GIS for the wealthy? TFSA is key so maximize it while you still can

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Fred Vettese, Morneau Shepell

My latest MoneySense blog is a followup to an interesting piece by actuary Fred Vettese about the curious phenomenon of wealthy couples being able to contort their finances between ages 67 and 70, by which they can receive the Guaranteed Income Supplement or GIS.

Considering that the GIS is aimed at seniors with no savings and minimal pensions, the idea of putting such a gambit in place offends some, although as the blog points out, most of the readers who contacted Vettese just wanted more details on how they could benefit from the strategy themselves.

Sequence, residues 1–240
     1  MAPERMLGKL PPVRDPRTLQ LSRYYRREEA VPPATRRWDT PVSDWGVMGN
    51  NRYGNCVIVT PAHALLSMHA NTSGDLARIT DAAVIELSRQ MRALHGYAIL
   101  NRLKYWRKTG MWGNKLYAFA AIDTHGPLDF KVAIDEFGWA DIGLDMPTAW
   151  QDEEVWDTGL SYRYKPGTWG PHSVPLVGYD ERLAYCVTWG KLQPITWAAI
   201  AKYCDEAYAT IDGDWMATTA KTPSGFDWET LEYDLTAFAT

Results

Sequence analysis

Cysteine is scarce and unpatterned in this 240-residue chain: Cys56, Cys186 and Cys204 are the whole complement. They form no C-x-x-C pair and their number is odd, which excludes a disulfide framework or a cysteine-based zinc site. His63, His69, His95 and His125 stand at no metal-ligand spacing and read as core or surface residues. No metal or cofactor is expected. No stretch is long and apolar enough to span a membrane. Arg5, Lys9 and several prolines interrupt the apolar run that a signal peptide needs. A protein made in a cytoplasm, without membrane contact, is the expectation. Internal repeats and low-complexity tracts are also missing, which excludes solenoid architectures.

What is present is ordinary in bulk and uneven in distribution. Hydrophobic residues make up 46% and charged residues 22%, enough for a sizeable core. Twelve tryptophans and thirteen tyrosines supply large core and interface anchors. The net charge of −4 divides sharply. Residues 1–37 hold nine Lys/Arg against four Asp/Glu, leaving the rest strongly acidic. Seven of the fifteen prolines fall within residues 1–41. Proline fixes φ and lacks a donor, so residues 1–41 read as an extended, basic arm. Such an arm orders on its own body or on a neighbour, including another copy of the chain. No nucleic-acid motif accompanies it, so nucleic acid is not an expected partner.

Hypothetical now but expect eventual crackdown

I’ll be doing more on this but it seems that the strategy is not so much likely to become widespread as it is an example of the inherent contradictions and unintended consequences that accompany such a proliferation of government programs. This one is based on suspending most sources of income from 67 to 70, except Old Age Security (OAS) and the GIS, plus taking tax-free income from the Tax Free Savings Account or TFSA. TFSA withdrawals are neither taxed nor trigger clawbacks of OAS and GIS. In fact, it’s arguable TFSAs were created expressly to motivate low-income workers to save without being penalized by the taxes and clawbacks that accompany RRSPs and employer-sponsored pensions plans.

Will Ottawa move to crack down on this theoretical loophole? Who knows but the TFSA was the Conservative administration’s creation and if they lose the next election, it’s quite possible the Liberals or NDP would move to tweak either the TFSA rules or the GIS qualifying rules. Best advice? Max out the TFSA while you still can!

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